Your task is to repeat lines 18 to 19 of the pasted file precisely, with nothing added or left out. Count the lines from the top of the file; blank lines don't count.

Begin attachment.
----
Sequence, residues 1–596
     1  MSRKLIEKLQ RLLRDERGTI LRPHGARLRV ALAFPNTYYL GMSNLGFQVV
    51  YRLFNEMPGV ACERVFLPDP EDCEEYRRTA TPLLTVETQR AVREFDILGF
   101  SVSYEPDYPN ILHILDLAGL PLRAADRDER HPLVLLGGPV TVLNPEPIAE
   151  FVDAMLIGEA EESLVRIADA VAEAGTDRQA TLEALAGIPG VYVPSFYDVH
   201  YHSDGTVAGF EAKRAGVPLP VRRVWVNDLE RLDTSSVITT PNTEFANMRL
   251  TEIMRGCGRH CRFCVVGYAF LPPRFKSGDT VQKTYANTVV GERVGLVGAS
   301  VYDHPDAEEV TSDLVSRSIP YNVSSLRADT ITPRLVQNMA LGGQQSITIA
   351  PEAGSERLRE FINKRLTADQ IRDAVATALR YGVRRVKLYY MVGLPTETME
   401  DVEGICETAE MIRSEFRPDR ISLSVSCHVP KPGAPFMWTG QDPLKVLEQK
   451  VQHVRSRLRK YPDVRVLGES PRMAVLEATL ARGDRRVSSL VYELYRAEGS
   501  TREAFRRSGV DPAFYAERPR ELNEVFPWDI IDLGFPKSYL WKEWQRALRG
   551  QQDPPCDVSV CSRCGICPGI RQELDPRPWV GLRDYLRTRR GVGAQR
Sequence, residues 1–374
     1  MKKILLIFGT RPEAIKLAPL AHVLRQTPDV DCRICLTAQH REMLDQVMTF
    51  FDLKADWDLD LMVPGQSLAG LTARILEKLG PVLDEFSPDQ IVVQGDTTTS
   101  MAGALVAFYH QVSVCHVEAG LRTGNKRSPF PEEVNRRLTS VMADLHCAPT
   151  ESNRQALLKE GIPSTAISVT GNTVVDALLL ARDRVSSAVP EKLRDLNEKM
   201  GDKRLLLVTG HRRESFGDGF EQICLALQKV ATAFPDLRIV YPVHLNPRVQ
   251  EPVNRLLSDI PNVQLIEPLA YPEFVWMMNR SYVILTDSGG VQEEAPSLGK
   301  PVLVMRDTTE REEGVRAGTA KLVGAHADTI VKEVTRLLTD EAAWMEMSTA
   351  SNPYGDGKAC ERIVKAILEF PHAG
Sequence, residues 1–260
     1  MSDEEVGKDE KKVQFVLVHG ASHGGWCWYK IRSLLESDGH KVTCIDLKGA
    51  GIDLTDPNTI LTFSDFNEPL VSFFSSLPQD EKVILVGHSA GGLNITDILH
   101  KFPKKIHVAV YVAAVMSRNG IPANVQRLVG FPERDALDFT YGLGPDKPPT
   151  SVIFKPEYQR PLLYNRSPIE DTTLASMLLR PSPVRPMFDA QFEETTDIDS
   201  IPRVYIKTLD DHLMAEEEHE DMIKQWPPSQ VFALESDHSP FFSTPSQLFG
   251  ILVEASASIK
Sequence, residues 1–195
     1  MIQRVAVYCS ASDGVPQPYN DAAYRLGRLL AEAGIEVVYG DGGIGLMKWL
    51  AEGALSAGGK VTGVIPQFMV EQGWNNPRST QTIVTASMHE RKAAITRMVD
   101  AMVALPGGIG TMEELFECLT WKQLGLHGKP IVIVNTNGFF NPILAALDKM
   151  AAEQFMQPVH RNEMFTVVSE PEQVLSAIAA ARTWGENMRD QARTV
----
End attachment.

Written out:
   151  ESNRQALLKE GIPSTAISVT GNTVVDALLL ARDRVSSAVP EKLRDLNEKM
   201  GDKRLLLVTG HRRESFGDGF EQICLALQKV ATAFPDLRIV YPVHLNPRVQ